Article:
2012’s Born Villain is the eighth full-length studio album by Marilyn Manson. As with the previous two albums it was self-produced, mixed by Sean Beavan and no living drummer is fully credited throughout. The line-up features Manson, Vrenna & Ramirez like the previous album, only now with Fred Sablan on bass. Interestingly though, Vrenna left the band before the album’s release.
For many fans, the band’s golden period is considered to be The Triptych (Antichrist Superstar, Mechanical Animals & Holywood), a trilogy of three interlinked concept albums that were released at the height of Manson’s fame, critical acclaim, cultural relevance and commercial success. Ever since then; after a decade of line-up instability, notably poor live performances and albums that didn’t meet many fan’s expectations, the band’s stock has diminished considerably in the eyes of the media and a large portion of the fanbase.
After hearing the best moments here, many people may rush to proclaim this a return to form and excitedly declare that he is back to his old standard again, just like they did last time around, only to lose enthusiasm pretty quickly. I wouldn’t go so far as to call this new record a comeback, but it is undeniably strong and consistent. I’d urge you to forget any pretentious interviews or music videos associated with it and give the music a fair and honest chance.
If you have liked the last three Manson albums, then Born Villain is certainly worth trying out. The album has some seriously enjoyable songs that would fit well into a live set or compilation album, and isn’t overly full of ballads or slow tracks that don’t go anywhere. It isn’t just a dull dirge… It is louder, more bombastic and more confident than any of the last few records. Even the rhythmic ‘Overneath The Path Of Misery’ when separated from its pretentious music video is hugely catchy and surprisingly heavy in album-context.
Stylistically, It seems that Manson is going for a mix between trying new things and delving into his back catalogue as well. Opening track ‘Hey, Cruel World…’ for example has a nice catchy chugging riff, and even some double-kicks at one point, but there is also a section towards the end that sounds like it would have fit well on Portrait Of An American Family. Then the album version of ‘No Reflection’ has a whole build-up section in it that is reminiscent of Holywood’s heavier tracks and there are even a few allusions to Mechanical Animal’s style in ‘Flowers Of Evil’ and ‘Breaking The Same Old Ground.’
There is also some material that is totally new for the band as well; ‘Slo-Mo-Tion’ is unlike any of his older material, ‘Lay Down Your Goddamn Arms’ borders on Stoner-Rock territory at times and ‘Murders Are Getting Prettier Every Day’ is deliberately in-your-face-heavy.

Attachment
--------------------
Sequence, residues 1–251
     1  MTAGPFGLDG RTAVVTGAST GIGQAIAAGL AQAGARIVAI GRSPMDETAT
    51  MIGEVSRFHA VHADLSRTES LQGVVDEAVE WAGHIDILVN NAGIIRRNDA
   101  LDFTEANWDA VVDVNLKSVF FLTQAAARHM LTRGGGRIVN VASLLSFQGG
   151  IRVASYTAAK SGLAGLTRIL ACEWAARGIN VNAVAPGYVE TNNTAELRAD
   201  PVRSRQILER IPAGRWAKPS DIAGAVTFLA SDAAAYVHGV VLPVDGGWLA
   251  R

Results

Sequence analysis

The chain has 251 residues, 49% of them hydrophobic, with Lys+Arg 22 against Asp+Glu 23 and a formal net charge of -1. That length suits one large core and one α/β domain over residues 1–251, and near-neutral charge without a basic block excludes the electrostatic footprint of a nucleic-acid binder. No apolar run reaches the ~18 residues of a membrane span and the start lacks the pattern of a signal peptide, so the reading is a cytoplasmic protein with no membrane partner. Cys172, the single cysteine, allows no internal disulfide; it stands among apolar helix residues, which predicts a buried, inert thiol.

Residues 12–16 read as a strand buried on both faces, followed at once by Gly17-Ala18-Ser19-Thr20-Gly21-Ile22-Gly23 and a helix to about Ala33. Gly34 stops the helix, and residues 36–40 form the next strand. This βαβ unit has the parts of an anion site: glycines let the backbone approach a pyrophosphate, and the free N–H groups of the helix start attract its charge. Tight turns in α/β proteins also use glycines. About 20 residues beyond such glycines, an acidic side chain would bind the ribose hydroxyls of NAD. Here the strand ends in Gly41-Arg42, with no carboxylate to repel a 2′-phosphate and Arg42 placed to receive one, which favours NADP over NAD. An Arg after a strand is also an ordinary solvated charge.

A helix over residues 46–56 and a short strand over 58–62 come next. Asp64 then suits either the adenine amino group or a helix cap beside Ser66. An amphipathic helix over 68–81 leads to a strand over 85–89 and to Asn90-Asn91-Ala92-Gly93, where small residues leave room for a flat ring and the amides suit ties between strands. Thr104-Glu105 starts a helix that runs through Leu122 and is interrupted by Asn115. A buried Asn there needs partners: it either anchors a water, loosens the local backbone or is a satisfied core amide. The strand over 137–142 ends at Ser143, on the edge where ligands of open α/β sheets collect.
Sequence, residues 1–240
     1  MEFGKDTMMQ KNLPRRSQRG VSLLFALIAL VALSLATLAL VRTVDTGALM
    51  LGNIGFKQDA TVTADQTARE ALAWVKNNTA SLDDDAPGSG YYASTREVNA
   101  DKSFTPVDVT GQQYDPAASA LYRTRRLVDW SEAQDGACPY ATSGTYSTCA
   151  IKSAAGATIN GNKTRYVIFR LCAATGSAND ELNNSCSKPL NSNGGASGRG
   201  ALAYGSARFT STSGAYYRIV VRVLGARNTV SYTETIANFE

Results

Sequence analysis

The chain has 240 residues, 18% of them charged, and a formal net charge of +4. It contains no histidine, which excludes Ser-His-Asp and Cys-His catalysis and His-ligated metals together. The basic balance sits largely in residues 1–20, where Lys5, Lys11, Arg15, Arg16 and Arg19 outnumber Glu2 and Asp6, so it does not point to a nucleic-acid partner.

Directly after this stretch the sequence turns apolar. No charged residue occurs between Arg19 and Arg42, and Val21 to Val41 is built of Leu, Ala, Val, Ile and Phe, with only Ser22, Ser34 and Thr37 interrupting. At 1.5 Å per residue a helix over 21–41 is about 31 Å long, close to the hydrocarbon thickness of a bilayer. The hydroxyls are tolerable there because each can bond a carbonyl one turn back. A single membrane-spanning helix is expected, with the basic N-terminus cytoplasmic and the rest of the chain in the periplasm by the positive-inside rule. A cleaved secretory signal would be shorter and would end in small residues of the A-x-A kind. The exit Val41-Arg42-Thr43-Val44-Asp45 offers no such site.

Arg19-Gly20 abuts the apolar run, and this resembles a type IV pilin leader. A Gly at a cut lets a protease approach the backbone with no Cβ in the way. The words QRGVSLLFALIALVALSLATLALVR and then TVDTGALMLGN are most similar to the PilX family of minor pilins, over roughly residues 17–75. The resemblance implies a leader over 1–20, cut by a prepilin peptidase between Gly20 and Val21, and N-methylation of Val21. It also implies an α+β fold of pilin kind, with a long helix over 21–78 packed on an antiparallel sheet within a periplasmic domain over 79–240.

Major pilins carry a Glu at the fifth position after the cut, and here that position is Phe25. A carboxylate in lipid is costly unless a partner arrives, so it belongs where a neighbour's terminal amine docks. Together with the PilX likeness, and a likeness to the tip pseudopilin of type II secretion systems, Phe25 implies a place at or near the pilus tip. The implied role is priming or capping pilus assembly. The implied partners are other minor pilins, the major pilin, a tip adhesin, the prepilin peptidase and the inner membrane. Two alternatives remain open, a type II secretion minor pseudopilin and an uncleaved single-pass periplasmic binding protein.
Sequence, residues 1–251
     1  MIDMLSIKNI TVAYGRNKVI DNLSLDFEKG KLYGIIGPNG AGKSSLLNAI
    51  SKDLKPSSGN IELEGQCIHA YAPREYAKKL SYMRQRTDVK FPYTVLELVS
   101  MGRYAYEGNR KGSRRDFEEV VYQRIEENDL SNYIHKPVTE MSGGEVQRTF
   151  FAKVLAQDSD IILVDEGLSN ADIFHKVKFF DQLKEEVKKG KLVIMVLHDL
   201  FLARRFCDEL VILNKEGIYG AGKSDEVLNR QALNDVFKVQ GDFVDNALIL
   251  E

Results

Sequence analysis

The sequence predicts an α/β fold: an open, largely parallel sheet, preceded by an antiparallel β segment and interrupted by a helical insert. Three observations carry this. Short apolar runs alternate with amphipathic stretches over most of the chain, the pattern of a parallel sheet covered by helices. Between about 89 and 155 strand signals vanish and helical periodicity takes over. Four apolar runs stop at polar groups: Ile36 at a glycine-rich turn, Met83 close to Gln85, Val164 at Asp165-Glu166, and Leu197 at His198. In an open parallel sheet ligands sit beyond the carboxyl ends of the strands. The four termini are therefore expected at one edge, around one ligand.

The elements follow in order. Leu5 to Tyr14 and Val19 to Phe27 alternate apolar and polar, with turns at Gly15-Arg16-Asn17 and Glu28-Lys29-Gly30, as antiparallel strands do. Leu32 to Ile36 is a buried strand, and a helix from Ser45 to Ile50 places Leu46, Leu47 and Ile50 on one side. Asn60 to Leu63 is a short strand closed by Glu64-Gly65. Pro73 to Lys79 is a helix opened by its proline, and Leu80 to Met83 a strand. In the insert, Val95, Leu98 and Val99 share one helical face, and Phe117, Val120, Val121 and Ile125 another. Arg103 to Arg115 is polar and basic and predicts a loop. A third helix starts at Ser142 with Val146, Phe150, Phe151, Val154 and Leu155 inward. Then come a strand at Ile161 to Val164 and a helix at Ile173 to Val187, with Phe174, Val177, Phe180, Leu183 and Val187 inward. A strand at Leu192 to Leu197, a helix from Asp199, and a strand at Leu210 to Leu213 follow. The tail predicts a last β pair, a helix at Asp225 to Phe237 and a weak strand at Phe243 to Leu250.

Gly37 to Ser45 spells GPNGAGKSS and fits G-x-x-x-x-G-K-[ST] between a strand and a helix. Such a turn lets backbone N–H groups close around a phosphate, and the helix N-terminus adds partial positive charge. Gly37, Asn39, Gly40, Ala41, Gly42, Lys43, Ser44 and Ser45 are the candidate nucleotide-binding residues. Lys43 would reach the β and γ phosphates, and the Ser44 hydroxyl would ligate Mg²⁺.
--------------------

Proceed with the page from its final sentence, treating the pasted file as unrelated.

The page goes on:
Overall, I think the right balance has been struck between innovation and giving the fans what they want. The album covers a lot of ground, but crucially doesn’t sound confused for all the diversity. There are loads of little moments like the hi-hat being way louder in the chorus or an effect on the vocals coming in the third time around etc that really give the tracks a power and ‘umph’ that has arguably been missing for a while.
In my own personal opinion Born Villain is my favourite Manson album since Holywood. That being said however, this album does not meet the same artistic height as any of the individual parts in the aforementioned Triptych and I suspect that if you only enjoy those albums, this probably won’t win you back.
To be absolutely fair, if the band’s career consisted of only their debut and then the albums from Golden Age Of The Grotesque onwards, then Born Villain would be readily considered a great album as it such a solid, creative and well-made album in its own right. It is only because it has the unfair expectation of having to compete with three albums that have been absolutely beloved by millions of fans for over a decade as well as having to redeem, excuse and justify the aforementioned decade of decline that Born Villain unfortunately doesn’t measure up.
In summary; if you try and be objective then the album will seem a lot better than you probably expect it to be, but at the same time there is no getting around that Marilyn Manson has made better albums than this in the past and this record isn’t up to the highest standards that the band have set for themselves.
I feel that this is easily his strongest non-Triptych album and if you have given up on Manson in recent years, it is good enough to at least warrant a cautious test-listen. If you have stayed a fan all along however, this will doubtless be an immensely enjoyable album indeed.